TECH

Deadly Smallpox Virus Samples Discovered In Forgotten Storage Room

09/07/2014 11:36 BST | Updated 09/07/2014 11:59 BST

Cleaners at a medical facility have reportedly stumble
d upon an old vial of the virulent, eradicated disease smallpox.

The crew was cleaning out a storage room of the Centers for Disease Control and Prevention in Maryland, US, when they found the forgotten box of vials.

The disease was one of the most aggressive viral killers until it was declared officially eradicated in 1980. Since then the disease has supposedly been contained in only two places - one lab in Russia, and the CDC.

After the last official case was recorded in the field in 1977, the World Health Organisation led an effort to collect every lab sample of the virus and consolidate them in Siberia and the CDC facility in Atlanta.

Apparently, these six vials escaped the search.

smallpox

Above: the smallpox virus

The smallpox virus is estimated to have killed hundreds of millions of people before its eradication, and was responsible for about one third of all cases of blindness.

The last fatal case of smallpox in the UK was recorded in 1978, after a medical photographer was accidentally exposed to the virus in a laboratory.

Wired reports that the newly found samples might date back as far as the 1950s.

The CDC said in a statement:

"The laboratory was among those transferred from NIH to FDA in 1972, along with the responsibility for regulating biologic products. The FDA has operated laboratories located on the NIH campus since that time. Scientists discovered the vials while preparing for the laboratory’s move to the FDA’s main campus.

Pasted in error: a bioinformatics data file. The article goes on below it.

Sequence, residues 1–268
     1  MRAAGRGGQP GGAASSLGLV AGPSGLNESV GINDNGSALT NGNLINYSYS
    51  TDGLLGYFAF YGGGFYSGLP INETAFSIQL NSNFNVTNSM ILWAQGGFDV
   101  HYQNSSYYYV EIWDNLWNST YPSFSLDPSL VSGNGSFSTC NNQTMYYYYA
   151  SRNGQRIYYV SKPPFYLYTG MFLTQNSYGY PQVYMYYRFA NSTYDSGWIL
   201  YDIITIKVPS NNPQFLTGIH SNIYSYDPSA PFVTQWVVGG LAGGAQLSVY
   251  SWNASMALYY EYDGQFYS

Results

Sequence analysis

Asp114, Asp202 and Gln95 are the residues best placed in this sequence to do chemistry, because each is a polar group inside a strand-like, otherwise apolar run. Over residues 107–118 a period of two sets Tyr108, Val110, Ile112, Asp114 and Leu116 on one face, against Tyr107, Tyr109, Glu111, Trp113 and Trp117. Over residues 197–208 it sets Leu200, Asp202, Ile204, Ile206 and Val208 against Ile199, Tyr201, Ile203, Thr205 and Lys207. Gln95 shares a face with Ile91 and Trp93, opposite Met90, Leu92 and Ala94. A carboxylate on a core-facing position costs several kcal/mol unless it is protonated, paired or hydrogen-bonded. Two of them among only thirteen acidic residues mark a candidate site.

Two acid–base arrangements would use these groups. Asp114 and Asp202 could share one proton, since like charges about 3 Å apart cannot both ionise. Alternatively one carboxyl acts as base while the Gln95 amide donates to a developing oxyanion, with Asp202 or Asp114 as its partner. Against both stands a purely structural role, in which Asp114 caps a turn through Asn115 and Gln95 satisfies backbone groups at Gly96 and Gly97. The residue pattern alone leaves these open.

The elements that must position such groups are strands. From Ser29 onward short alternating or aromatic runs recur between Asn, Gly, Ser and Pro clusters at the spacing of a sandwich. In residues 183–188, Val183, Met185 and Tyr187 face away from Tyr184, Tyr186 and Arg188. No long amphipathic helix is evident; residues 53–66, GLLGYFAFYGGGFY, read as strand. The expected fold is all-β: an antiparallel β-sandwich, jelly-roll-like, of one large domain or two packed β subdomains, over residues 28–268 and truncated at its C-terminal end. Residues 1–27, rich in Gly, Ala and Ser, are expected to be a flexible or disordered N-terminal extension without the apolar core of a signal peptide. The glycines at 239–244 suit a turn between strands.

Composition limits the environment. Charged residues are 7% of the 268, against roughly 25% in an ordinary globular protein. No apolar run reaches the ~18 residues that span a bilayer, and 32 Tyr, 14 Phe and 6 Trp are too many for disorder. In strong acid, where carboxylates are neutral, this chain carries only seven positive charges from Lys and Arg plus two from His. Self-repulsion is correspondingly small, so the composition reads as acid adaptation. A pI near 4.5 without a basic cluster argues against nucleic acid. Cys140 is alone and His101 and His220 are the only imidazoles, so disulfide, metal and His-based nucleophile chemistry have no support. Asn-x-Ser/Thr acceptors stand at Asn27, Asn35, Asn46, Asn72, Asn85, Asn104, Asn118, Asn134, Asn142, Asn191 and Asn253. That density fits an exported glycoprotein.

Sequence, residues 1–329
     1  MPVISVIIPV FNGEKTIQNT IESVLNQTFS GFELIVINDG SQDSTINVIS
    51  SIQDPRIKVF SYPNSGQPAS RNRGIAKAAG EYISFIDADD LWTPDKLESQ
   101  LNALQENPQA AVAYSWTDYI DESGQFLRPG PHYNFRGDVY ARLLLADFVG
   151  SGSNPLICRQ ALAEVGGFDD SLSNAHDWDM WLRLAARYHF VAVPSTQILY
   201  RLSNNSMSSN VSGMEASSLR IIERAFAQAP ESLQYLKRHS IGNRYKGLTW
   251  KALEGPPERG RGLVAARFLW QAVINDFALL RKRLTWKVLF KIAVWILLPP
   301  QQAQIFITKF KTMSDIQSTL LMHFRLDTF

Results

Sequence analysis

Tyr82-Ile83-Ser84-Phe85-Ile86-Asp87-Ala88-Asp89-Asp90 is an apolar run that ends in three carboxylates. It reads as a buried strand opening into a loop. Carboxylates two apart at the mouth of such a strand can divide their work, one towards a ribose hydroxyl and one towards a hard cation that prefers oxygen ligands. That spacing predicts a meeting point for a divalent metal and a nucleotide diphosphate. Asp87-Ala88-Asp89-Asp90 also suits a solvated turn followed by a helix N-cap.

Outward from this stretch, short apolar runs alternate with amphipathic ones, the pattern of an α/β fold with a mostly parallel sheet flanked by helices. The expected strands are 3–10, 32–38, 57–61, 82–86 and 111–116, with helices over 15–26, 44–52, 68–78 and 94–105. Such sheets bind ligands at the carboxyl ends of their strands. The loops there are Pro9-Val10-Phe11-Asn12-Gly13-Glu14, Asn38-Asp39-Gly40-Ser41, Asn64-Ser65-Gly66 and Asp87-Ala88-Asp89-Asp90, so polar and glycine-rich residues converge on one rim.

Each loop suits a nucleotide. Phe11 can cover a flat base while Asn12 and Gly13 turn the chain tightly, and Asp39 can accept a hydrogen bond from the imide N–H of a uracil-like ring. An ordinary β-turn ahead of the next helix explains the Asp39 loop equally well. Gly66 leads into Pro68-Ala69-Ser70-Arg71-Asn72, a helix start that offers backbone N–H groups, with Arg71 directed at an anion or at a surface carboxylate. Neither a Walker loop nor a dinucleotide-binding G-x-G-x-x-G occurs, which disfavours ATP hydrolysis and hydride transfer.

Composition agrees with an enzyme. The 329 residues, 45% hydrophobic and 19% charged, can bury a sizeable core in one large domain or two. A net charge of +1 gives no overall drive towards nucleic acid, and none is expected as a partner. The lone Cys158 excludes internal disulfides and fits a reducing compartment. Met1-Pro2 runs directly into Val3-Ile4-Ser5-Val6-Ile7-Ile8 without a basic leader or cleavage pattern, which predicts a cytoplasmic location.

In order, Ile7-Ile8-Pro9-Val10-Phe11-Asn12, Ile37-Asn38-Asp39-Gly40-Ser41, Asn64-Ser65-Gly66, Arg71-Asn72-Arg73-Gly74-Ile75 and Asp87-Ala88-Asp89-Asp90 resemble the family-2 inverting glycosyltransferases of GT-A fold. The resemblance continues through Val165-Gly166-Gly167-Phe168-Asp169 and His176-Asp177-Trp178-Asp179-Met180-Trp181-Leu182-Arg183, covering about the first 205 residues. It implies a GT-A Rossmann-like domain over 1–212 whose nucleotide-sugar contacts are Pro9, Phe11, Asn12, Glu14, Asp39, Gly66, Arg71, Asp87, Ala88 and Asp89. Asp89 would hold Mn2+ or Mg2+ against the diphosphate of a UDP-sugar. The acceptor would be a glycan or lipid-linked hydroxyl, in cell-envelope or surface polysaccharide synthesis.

The vials appear to date from the 1950s. Upon discovery, the vials were immediately secured in a CDC-registered select agent containment laboratory in Bethesda.

There is no evidence that any of the vials labeled variola has been breached, and onsite biosafety personnel have not identified any infectious exposure risk to lab workers or the public."

The vials are now in the high-containment facility in Atlanta. They will undergo testing and then be destroyed.

"CDC has notified WHO about the discovery, and WHO has been invited to participate in the investigation. If viable smallpox is present, WHO will be invited to witness the destruction of these smallpox materials, as has been the precedent for other cases where smallpox samples have been found outside of the two official repositories.

DSAT, in collaboration with the Federal Bureau of Investigation, is actively investigating the history of how these samples were originally prepared and subsequently stored in the FDA laboratory."

And it's not the first time this has happened. In his 2003 book 'Smallpox', David Koplow found that samples of smallpox had been found three times before the most recent incident. While concerns about bio-terrorism persist, it seems perhaps as likely that if smallpox did return it would be a result of an accident rather than malicious attack.